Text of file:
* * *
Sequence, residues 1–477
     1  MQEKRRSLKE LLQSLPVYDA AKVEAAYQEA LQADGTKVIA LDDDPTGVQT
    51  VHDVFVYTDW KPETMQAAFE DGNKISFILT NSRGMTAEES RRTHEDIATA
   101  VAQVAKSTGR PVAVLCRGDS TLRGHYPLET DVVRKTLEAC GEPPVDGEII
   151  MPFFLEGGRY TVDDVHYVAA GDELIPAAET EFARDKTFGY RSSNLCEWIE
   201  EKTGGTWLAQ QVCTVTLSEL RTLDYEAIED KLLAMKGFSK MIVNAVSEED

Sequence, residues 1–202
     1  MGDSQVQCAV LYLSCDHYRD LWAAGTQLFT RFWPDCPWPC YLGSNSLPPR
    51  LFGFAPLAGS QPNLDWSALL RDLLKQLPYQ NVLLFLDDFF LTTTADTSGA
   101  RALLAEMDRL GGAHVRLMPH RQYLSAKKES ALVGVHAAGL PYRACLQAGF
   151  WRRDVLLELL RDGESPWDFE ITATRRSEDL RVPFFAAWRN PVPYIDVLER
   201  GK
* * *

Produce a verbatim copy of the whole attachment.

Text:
Sequence, residues 1–477
     1  MQEKRRSLKE LLQSLPVYDA AKVEAAYQEA LQADGTKVIA LDDDPTGVQT
    51  VHDVFVYTDW KPETMQAAFE DGNKISFILT NSRGMTAEES RRTHEDIATA
   101  VAQVAKSTGR PVAVLCRGDS TLRGHYPLET DVVRKTLEAC GEPPVDGEII
   151  MPFFLEGGRY TVDDVHYVAA GDELIPAAET EFARDKTFGY RSSNLCEWIE
   201  EKTGGTWLAQ QVCTVTLSEL RTLDYEAIED KLLAMKGFSK MIVNAVSEED

Sequence, residues 1–202
     1  MGDSQVQCAV LYLSCDHYRD LWAAGTQLFT RFWPDCPWPC YLGSNSLPPR
    51  LFGFAPLAGS QPNLDWSALL RDLLKQLPYQ NVLLFLDDFF LTTTADTSGA
   101  RALLAEMDRL GGAHVRLMPH RQYLSAKKES ALVGVHAAGL PYRACLQAGF
   151  WRRDVLLELL RDGESPWDFE ITATRRSEDL RVPFFAAWRN PVPYIDVLER
   201  GK